Chatting with Nastasha Minyon Sale, from the Adorned

A few months ago we found ourselves on our way to Nastasha's workshop in the Overberg, vast yellow fields filled either side of the road with deep blue sky coloured mountains where they ended, the occasional pair of blue cranes, speeding bakkies and a Spar stop for a snack. Natasha's workspace is filled with swatches of colour made from plant dye experiments, learnings from the land and plants around, creativity inspired by nature. These colours, learnings, sketches and paintings made way for her collection of homewares which we were there to film for the lovely Akojo as well as interviewing Natasha about her work.

The Adorned started as a personal body of work looking into rituals around burial and how adornment was used as part of it. I started by illustrating on skulls and I still do, I see this as an ongoing series that is my personal expression and more fine art orientated. Later I very organically expanded my body of work into a brand and started the Adorned home, which has now become my primary focus. It was a way to offer all the mediums I work with to an audience on a more accessible commercial platform.

mayamiko sewing team
mayamiko sewing machine

I started creating more than just fine art as a way to honour artisanal practices. I was introduced to natural dye at the beginning of 2020 and immediately fell in love with the process and colours I could achieve, all the while being so in touch with nature and her gifts. I immediately dreamed up what my homeware range would look like and dived into the testing and development of products. By the end of 2020 I had a full homeware range that was hand dyed and hand block printed by myself. I wanted it to be as handmade as possible I feel proud of how it's grown.

mayamiko sewing
mayamiko pink thread

Synthetic dyes are incredibly harmful to our environment, not only is a huge amount of water used in its process, but chemicals such as zinc, arsenic, and chromium bind the dyes to the fibres. All wastewater is usually run off into our waterways harming wildlife and communities. It is said that in China and other regions popular for fashion production, you can tell the colour of the season by looking at the rivers, as a lot of the dye runs straight into the fresh water.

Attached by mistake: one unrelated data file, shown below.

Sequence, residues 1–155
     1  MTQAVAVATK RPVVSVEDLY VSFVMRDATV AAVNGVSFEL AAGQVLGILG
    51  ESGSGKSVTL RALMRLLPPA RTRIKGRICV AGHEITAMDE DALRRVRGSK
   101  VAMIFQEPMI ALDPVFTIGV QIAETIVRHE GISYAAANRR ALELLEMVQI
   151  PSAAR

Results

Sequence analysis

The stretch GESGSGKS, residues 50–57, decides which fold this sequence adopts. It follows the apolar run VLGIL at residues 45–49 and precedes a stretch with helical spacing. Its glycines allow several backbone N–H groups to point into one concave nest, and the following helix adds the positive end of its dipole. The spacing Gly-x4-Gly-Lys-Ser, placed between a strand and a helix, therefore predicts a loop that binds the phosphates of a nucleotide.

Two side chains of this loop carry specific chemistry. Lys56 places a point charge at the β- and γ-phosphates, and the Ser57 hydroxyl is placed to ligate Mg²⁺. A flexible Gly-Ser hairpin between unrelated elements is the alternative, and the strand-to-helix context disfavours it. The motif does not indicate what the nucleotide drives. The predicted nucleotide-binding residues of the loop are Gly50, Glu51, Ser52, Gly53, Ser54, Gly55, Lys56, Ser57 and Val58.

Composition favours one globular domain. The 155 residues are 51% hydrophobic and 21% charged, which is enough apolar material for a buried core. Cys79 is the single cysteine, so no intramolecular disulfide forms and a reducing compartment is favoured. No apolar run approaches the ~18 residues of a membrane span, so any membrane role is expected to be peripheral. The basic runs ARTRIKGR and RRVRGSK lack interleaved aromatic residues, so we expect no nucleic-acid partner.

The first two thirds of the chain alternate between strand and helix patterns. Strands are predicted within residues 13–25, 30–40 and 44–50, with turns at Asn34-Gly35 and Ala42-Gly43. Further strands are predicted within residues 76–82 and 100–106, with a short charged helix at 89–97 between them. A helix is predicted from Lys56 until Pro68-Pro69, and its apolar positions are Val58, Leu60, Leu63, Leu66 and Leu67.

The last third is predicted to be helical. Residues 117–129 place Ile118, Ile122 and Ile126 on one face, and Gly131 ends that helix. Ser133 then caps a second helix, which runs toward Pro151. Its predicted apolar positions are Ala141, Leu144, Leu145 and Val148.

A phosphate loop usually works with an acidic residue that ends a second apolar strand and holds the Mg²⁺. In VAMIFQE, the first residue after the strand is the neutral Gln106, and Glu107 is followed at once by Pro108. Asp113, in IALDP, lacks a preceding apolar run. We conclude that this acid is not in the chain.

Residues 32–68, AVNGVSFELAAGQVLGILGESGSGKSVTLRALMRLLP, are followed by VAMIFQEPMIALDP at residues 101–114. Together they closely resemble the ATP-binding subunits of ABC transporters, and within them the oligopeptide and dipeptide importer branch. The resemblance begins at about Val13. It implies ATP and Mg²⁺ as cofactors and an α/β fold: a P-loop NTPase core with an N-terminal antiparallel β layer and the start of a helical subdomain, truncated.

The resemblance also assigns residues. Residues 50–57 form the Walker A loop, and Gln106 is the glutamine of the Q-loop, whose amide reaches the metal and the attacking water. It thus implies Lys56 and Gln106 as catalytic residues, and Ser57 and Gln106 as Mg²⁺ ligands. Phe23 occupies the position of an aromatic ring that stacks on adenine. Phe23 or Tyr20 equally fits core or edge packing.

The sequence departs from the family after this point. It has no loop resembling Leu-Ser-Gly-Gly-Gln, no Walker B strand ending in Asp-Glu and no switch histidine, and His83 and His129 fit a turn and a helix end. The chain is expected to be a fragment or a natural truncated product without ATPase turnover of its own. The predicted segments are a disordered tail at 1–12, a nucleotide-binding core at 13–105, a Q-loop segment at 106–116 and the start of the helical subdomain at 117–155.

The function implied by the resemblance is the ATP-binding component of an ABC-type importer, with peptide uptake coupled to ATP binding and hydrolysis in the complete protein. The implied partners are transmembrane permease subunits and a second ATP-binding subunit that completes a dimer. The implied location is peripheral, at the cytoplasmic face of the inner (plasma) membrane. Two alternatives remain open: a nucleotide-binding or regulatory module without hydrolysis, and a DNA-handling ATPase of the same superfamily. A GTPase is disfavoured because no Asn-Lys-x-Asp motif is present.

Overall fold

mayamiko sewing team
mayamiko sewing machine

The process of extracting colour from plants is fascinating and completely sustainable. I use rainwater collected in big tanks on the land where my studio is located. I work in extremely small batches, so I luckily don’t need much foliage to create my dye. However, I take it a step further and use Alien plant species that have been cleared by Alien plant clearing projects based here in the Overberg. I use the waste from plants that are destructive to our native flora. When I first started my natural dye journey I was surprised by how little information there was on the colours the Southern hemisphere plants can offer us and I have recently started holding workshops to inspire people to start working with the plants around them. 

So many people inspire me, I am constantly swooning over artists on Instagram, I would have to say one of my favourite South African artists is Willemien de Villiers instagram I love textile art and have been wanting to delve into it for a long time. I feel I have finally reached that point and am currently working on a body of work that is primarily textile based. I will be exhibiting early November. Another great inspiration is my teacher Ira Bekker instagram she was my introduction to this magical process and I really am inspired by her work.

My average day is actually filled with more admin than creativity, unfortunately. I think running a business on your own is not easy and currently, I do everything. I wear many hats and I also do commission work between it all. I am still trying to learn how and where I can delegate more. 

mayamiko sewing team
mayamiko sewing machine

My advice to other creative business owners and entrepreneurs is to try not to lose sight of your vision and keep taking steps towards that. Even when it feels like you might not be getting there. I also think it’s ok to pivot when you need to. That has happened to me a lot on my journey. I often beat myself about it, thinking that I should remain and focus on one thing, but naturally, things unfold, and sometimes what reveals itself is so much easier and better for you.

If you would like to know more about Natasha's work you can find her on instagram at and her website

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